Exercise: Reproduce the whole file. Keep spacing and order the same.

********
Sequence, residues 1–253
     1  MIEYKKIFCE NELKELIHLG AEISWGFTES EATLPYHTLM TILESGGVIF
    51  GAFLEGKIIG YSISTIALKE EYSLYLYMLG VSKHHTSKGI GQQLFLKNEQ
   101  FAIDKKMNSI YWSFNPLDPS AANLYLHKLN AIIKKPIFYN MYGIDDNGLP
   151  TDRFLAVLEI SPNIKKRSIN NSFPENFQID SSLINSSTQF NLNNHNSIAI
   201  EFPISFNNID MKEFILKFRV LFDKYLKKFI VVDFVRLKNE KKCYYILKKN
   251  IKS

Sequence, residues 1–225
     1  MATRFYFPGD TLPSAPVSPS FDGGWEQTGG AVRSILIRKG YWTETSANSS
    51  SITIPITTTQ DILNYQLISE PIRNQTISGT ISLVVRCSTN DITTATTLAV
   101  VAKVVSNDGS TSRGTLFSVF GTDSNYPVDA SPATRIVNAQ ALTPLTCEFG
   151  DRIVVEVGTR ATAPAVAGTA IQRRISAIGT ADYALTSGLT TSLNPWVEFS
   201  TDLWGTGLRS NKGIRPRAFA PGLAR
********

Sequence, residues 1–253
     1  MIEYKKIFCE NELKELIHLG AEISWGFTES EATLPYHTLM TILESGGVIF
    51  GAFLEGKIIG YSISTIALKE EYSLYLYMLG VSKHHTSKGI GQQLFLKNEQ
   101  FAIDKKMNSI YWSFNPLDPS AANLYLHKLN AIIKKPIFYN MYGIDDNGLP
   151  TDRFLAVLEI SPNIKKRSIN NSFPENFQID SSLINSSTQF NLNNHNSIAI
   201  EFPISFNNID MKEFILKFRV LFDKYLKKFI VVDFVRLKNE KKCYYILKKN
   251  IKS

Sequence, residues 1–225
     1  MATRFYFPGD TLPSAPVSPS FDGGWEQTGG AVRSILIRKG YWTETSANSS
    51  SITIPITTTQ DILNYQLISE PIRNQTISGT ISLVVRCSTN DITTATTLAV
   101  VAKVVSNDGS TSRGTLFSVF GTDSNYPVDA SPATRIVNAQ ALTPLTCEFG
   151  DRIVVEVGTR ATAPAVAGTA IQRRISAIGT ADYALTSGLT TSLNPWVEFS
   201  TDLWGTGLRS NKGIRPRAFA PGLAR